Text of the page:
Tomato port forwarding
Tomato firmware web interface.
The Device List displays a list of the current devices to which the DHCP server has allocated an IP address. Devices are grouped by Interface, which shows where they are linked to the router:
The Real-Time Bandwidth segment provides a graph of the last 10 minutes of bandwidth consumption, updated every two seconds. The top-level tabs allow you to pick one of the different interfaces to get more information about that interface’s bandwidth.
The previous 24 hours
The Last 24 Hours segment provides a graph of bandwidth use and total data for the previous 4/6/12/18/24 hours, updated every two minutes. The top-level tabs allow you to pick one of the different interfaces to get more information about that interface’s bandwidth.
The Regular segment shows a table with a row for each day that shows download, upload, and overall bandwidth use. The default unit is gigabytes (GB), but it can be modified to megabytes (MB) or kilobytes (KB).
once a week
The Weekly segment shows a table with a row for each week that shows download, upload, and overall bandwidth use. GB (Gigabytes) is the default unit, but it can be modified to MB or KB. Sun (Sunday) is the default week start day, although it can be updated. There is a choice of showing Summary or Full results.
If all of these work, there’s nothing wrong with your setup (which I’ll assume is correct), and your problem is just accessing the public IP from within the network (either directly or via DynDNS). This means that your router must have NAT reflection activated (if possible) in order to route internal requests for the public IP as if they were external requests.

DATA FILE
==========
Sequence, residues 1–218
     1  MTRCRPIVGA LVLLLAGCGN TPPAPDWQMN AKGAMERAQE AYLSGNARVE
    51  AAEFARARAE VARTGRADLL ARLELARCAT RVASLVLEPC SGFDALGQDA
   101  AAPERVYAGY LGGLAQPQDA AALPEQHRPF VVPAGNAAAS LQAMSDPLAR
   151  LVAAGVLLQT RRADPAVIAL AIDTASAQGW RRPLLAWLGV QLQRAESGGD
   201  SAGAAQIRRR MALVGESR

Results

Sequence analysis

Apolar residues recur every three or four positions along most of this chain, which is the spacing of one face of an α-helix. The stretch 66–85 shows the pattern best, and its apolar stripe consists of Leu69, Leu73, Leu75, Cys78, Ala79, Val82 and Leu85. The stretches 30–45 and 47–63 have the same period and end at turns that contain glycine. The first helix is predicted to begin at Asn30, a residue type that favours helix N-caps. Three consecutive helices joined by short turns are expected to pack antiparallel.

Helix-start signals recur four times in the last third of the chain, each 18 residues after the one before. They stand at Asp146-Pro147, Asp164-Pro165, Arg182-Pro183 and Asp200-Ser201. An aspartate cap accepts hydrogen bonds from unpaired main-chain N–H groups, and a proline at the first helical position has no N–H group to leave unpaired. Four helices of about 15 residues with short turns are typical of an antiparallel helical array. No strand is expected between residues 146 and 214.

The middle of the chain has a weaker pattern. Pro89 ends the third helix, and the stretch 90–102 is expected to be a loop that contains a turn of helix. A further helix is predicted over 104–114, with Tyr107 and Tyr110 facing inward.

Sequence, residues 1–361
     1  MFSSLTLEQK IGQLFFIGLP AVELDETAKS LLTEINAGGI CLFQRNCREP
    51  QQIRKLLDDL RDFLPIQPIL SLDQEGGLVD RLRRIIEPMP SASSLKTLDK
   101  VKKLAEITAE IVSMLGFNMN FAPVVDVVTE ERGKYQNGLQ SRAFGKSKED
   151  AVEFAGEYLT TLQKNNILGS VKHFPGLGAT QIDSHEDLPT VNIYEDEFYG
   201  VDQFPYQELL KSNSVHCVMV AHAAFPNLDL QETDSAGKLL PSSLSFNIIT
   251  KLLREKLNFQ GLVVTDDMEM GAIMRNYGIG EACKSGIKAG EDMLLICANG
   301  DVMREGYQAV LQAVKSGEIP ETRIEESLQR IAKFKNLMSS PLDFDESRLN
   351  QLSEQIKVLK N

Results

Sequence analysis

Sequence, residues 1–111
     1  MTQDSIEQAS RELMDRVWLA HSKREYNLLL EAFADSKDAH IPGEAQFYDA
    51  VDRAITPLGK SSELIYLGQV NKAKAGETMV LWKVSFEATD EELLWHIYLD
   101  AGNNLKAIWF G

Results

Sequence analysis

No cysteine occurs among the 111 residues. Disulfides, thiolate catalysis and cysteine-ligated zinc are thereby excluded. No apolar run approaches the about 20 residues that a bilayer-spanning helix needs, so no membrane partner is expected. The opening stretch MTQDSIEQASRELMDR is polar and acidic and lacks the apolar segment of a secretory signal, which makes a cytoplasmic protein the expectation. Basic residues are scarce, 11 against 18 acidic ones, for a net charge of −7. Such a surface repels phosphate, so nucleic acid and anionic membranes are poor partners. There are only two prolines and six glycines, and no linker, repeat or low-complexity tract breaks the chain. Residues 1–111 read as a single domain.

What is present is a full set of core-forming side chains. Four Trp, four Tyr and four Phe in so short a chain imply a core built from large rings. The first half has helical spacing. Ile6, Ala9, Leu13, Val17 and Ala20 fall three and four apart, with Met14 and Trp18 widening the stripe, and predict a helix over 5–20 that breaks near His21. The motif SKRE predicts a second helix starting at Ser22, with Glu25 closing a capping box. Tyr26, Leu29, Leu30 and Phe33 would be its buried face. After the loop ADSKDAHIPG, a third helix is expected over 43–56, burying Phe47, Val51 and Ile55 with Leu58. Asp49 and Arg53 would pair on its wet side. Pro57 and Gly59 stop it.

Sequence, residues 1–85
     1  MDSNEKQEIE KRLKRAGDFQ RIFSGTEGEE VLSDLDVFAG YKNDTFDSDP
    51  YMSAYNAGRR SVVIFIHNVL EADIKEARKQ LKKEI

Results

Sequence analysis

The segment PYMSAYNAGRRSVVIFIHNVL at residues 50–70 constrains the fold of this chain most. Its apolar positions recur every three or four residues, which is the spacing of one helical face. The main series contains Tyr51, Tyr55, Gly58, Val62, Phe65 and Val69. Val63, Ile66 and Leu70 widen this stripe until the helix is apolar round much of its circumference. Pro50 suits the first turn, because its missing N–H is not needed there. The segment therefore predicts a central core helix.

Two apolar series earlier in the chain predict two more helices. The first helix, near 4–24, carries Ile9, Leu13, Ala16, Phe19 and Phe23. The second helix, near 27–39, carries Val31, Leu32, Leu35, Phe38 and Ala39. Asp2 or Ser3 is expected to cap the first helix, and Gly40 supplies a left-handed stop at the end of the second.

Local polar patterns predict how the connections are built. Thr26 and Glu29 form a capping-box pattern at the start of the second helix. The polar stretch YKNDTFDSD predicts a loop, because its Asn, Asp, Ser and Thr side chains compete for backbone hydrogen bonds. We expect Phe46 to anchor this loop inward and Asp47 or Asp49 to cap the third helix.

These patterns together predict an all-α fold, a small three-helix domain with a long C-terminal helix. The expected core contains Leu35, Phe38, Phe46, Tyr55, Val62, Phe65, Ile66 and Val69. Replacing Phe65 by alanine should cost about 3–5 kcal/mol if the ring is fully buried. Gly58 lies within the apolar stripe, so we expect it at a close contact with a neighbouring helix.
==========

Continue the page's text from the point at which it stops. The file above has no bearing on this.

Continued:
If that doesn’t work, try forwarding a port higher than 1024 (some ISPs won’t let non-business subscribers use ports lower than 1024). Also, make sure you update the line in the conf I just mentioned to represent the same value if you do this.
Complete black ops: cold war port forwarding | open nat
This means that you can allow selective routing by adding a couple of firewall rules if you only want one or a few devices connected to your Tomato router to use VPN connections. To accomplish this, follow the steps below:
The IP address to modify (in the above firewall rules) is the IP address of the device you want to connect to the VPN with. If you need to connect more than one device to the VPN, simply copy the same rule ( ip rule add from *IP address that you want to change* lookup 200) and replace the IP address with the IP address of the other device.
How to put a pia vpn on a tomato router
“Cut Through Forwarding (CTF) is a Tomato setting that was allowed in Advanced > Miscellaneous. The setting is supposed to provide a small performance boost by bypassing some protocol overhead, but it comes with some disadvantages, one of which is the inability to use port forwarding. I was able to use port forwarding after turning off CTF.”
If you’re having problems with port forwarding or UPNP on Advanced Tomato or Tomato Shibby firmware and are using PPPoE to connect to a bridged DSL modem, make sure “Use DHCP” is turned off under “WAN settings” on the “Basic Settings” tab. While DHCP is required for the LAN portion, having it enabled under the WAN settings prevented all port forwarding, DMZ, and UPNP from working.
It’s a very comprehensive firmware, much superior to the stock Netgear R7000 firmware, but there are a few quirks here and there.
Other strange activity with port forwarding has been documented here and elsewhere by some people.